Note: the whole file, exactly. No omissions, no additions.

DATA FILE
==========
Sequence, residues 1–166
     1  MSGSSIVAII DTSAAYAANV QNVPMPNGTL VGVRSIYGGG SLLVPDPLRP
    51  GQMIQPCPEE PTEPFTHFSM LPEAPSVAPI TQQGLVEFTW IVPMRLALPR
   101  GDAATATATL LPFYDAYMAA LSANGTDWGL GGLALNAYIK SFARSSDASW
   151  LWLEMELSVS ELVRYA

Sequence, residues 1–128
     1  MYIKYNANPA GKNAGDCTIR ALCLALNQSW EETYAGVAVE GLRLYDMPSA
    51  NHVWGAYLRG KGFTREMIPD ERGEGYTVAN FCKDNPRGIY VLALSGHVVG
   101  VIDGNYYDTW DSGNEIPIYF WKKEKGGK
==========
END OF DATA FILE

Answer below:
Sequence, residues 1–166
     1  MSGSSIVAII DTSAAYAANV QNVPMPNGTL VGVRSIYGGG SLLVPDPLRP
    51  GQMIQPCPEE PTEPFTHFSM LPEAPSVAPI TQQGLVEFTW IVPMRLALPR
   101  GDAATATATL LPFYDAYMAA LSANGTDWGL GGLALNAYIK SFARSSDASW
   151  LWLEMELSVS ELVRYA

Sequence, residues 1–128
     1  MYIKYNANPA GKNAGDCTIR ALCLALNQSW EETYAGVAVE GLRLYDMPSA
    51  NHVWGAYLRG KGFTREMIPD ERGEGYTVAN FCKDNPRGIY VLALSGHVVG
   101  VIDGNYYDTW DSGNEIPIYF WKKEKGGK